What’s the difference between a humbling experience and humility?

A humbling experience is something that happens to you when you were expecting something else,

while humility is something you choose to do when no one is expecting it.






We’d lived in Brazil for less than a month, but the honeymoon period was now drowned out by the soaking rainy season and a very leaky bedroom roof.

Every night when the rains began sleep was interrupted by us dodging the continual spattering of raindrops oozing through the ceramic tile roof. We jostled the bed from one side of the bedroom to the other hunting for dry ground.  There wasn’t any. We slept with an assortment of bowls and buckets between us jostling to stay dry to get a few hours of shut-eye. Then I had an idea. It was brilliant.

I would string an assortment of empty soup and vegetable cans from the rafters to catch the drips from the late night rain. Once the rain catchers were in place I invited my wife into the bedroom to admire my handiwork. “Don’t you have a clever husband?” I asked.

That night as we laid down to sleep I felt confident this night would be different than the dozen ones before it. And it was. Once the rains started I hadn’t calculated the liquid capacity of each strung soup can.  It didn’t take long before the first one filled and overturned its contents down on the sleeping genius. Smiling her sweetest smile my wife rolled over and said, “Don’t I have a very clever husband!?” 

That was a humbling experience.


 Before you fall off your chair in uncontrollable laughter let’s move on to describe humility.  In my opinion, when someone displays humility most of the time no one is expecting it.  No doubt one of the greatest examples of humility in the holy scriptures is found in John 13. 

Now before the feast of the passover, when Jesus knew that his hour was come that he should depart out of this world unto the Father, having loved his own which were in the world, he loved them unto the end. And supper being ended, the devil having now put into the heart of Judas Iscariot, Simon’s son, to betray him;  Jesus knowing that the Father had given all things into his hands, and that he was come from God, and went to God;  He riseth from supper, and laid aside his garments; and took a towel, and girded himself. After that he poureth water into a bason, and began to wash the disciples’ feet, and to wipe them with the towel wherewith he was girded. Then cometh he to Simon Peter: and Peter saith unto him, Lord, dost thou wash my feet?  Jesus answered and said unto him, What I do thou knowest not now; but thou shalt know hereafter.   John 13. 1-7.



Most of us are familiar with this story. It was Jesus last meal with his disciples before the events that surrounded his crucifixion. He longed to have this meal with them.

The room had been secured by prior arrangement for its privacy and security. The owner had done everything to make sure the men would feel safe amidst the turmoil that surrounded Jerusalem and the mounting tension of Jesus presence in the Holy City.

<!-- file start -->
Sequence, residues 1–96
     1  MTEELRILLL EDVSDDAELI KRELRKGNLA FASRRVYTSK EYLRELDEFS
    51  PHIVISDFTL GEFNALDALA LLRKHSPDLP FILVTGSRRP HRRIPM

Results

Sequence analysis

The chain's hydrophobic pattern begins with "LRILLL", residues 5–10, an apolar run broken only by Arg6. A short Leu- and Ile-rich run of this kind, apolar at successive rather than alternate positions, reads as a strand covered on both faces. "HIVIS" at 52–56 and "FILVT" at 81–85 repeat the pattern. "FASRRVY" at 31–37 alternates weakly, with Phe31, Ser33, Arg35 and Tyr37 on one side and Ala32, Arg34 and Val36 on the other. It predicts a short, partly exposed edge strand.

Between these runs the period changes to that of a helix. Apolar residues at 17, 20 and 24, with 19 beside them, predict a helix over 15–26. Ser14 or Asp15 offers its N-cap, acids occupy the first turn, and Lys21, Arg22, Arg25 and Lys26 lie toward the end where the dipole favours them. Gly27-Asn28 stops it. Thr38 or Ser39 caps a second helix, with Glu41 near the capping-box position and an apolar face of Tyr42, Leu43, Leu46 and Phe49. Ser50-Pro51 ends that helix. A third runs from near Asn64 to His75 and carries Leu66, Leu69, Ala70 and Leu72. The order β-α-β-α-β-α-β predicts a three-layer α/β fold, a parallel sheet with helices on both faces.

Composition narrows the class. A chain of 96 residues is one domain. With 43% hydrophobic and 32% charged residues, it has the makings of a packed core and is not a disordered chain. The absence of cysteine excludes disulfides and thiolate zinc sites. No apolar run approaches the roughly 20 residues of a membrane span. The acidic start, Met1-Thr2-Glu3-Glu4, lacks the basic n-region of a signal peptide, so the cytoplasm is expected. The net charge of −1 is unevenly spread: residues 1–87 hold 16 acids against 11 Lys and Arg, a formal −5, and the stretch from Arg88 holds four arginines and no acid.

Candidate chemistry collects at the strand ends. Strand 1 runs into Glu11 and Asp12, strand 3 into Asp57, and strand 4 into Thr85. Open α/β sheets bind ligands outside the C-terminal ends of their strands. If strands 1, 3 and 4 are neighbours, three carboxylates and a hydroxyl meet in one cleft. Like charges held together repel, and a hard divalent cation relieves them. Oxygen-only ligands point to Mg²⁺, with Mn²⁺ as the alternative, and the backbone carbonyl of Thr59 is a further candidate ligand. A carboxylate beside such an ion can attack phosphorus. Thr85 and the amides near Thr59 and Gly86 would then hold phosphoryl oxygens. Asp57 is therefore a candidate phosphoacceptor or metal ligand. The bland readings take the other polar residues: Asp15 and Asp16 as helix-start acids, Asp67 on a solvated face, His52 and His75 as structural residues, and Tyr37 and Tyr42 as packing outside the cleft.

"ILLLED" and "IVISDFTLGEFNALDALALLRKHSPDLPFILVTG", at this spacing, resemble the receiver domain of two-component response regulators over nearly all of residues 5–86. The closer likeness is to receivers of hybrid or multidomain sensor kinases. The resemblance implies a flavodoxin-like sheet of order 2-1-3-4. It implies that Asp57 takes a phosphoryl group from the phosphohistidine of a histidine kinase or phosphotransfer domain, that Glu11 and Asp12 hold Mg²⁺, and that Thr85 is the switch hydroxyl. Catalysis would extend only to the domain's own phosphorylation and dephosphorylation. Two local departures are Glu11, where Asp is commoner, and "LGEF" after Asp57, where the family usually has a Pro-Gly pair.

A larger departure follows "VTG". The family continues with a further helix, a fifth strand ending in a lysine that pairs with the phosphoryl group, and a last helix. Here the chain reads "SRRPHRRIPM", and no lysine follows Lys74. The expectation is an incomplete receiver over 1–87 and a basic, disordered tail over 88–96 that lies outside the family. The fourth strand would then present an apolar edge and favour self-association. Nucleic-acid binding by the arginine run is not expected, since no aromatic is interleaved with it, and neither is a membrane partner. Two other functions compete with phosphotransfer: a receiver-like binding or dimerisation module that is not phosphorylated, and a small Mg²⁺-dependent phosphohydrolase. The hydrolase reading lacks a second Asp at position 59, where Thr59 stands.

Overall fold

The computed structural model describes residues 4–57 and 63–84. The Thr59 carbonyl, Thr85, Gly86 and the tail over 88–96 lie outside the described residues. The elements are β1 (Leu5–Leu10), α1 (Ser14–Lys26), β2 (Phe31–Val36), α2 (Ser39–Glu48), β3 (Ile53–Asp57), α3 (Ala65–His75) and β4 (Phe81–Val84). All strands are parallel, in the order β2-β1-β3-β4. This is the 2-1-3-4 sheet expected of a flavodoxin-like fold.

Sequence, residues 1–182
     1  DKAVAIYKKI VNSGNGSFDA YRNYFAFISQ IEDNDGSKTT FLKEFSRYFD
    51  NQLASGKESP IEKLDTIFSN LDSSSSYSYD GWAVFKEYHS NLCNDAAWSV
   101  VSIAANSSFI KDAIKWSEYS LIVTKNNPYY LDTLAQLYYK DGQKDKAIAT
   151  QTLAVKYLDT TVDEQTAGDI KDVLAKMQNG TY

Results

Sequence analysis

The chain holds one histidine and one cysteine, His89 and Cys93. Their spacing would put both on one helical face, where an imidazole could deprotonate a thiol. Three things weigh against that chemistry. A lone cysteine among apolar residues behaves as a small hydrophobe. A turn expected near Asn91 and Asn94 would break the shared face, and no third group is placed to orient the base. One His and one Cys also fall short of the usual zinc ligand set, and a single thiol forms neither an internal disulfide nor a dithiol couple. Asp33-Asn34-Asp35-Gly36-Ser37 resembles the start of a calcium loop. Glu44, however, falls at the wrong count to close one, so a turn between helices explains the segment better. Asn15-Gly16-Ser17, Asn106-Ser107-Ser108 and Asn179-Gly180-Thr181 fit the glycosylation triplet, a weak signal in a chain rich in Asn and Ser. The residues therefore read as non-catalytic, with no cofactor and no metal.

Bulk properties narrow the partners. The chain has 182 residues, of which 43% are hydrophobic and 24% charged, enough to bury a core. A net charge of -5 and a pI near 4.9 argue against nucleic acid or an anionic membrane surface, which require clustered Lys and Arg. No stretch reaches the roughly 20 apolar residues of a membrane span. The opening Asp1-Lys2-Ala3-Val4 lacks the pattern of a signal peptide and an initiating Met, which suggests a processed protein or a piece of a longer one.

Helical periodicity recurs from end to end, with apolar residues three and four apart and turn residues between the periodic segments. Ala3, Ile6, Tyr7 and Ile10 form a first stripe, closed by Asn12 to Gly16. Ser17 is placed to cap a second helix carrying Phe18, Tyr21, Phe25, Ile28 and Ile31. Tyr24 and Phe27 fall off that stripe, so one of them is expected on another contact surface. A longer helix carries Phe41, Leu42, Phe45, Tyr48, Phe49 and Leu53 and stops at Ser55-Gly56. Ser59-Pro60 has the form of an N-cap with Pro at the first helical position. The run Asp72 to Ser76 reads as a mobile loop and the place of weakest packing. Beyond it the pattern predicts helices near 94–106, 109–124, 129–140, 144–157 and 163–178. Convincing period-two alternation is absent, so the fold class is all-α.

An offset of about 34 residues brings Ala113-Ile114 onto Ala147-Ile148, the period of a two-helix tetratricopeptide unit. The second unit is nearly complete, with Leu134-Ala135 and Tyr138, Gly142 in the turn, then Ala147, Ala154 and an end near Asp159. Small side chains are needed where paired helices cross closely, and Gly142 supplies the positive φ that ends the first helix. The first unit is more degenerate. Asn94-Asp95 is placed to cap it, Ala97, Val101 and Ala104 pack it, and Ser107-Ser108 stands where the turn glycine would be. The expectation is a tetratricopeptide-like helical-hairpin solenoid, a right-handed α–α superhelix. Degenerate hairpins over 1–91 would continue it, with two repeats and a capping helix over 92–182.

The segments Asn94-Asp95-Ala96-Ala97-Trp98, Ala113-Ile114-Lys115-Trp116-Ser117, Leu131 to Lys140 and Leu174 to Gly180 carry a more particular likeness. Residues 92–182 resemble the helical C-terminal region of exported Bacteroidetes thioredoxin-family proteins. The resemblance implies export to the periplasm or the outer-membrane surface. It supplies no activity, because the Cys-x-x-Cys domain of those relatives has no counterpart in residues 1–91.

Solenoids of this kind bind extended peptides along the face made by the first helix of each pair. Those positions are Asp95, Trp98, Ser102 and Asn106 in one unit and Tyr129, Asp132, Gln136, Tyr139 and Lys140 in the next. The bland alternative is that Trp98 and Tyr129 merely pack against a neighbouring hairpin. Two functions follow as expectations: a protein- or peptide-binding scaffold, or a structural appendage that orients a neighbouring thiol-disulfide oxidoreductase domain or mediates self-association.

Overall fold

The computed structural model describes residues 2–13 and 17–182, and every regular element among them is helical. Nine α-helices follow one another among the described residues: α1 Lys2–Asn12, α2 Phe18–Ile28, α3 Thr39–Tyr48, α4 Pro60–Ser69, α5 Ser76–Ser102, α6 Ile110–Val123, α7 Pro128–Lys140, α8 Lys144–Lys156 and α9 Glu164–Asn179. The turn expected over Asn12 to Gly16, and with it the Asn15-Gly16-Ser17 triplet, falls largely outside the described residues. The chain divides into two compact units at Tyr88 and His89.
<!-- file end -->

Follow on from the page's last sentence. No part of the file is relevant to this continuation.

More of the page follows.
The owner of the house provided everything – the table, the reclining spaces, the tableware, the Passover elements, the customary bowl, basin water and towel for cleaning their feet. Everything except the hired mud washer. Usually, a houseboy was designated to clean the filth that accumulated on the feet of the guests as they entered the house.  

The city was overflowing with out-of-town visitors, 3 or 4 times its normal capacity. Besides that there was an innumerable array of anxious animals tagging along behind their owners. They were chosen to be offered during the annual Passover sacrifice.

The narrow cobblestone streets were lined with an excess of dung from the animals who walked its streets. Picture a barnyard floor filled with farm animals and you catch a glimpse of the street scenery. Washing up before the main meal was not only culturally correct but absolutely necessary. The odor rising from the men’s feet would have been nearly unbearable and emitted a distinct scent. No one’s nose was exempt.

One-by-one as the disciples filed into the room jostling for a position close to Jesus as possible. Each man silently walked past the basin of water, the pitcher, and the towel draped over the bowl. How could they stoop to take on the role of the mud washer boy?  Someone had dropped the ball.  


With that said, I call your attention, to three phrases.

“having loved his own which were in the world, he loved them unto the end.” 

Jesus commitment to the disciples was deep and heartfelt. It crossed all borders. They were still a half-baked band of followers with quirks and inconsistencies. But His love for them was undeniably evident.

“And supper being ended…” 

Jesus had waited to see if any of his men would catch the hint and take up the towel and basin of water. It was to no avail. The better part of their meal was now over. It was time to prepare for the upcoming events, and yet they all still had not cleaned up properly.  Without any fanfare or judging looks Jesus simply stood up, stooped to pick up the bowl and moved toward the first disciple embracing the humblest of tasks. Tonight he would be the mud washer boy.

“What I do thou knowest not now; but thou shalt know hereafter.” 

The Lord was not giving the disciples a lesson in “Foot Washing 101”. He was demonstrating true humility.  It was an act that no one expected to see or experience. No doubt it stunned, silenced and left them deeply puzzled. Like us, we don’t necessarily expect to see humility displayed like this because…

Humility is something you choose to do when no one is expecting it. 

Why not look for a chance today to do something in humility. Its effect may even surprise you. 







Pin It on Pinterest

Share This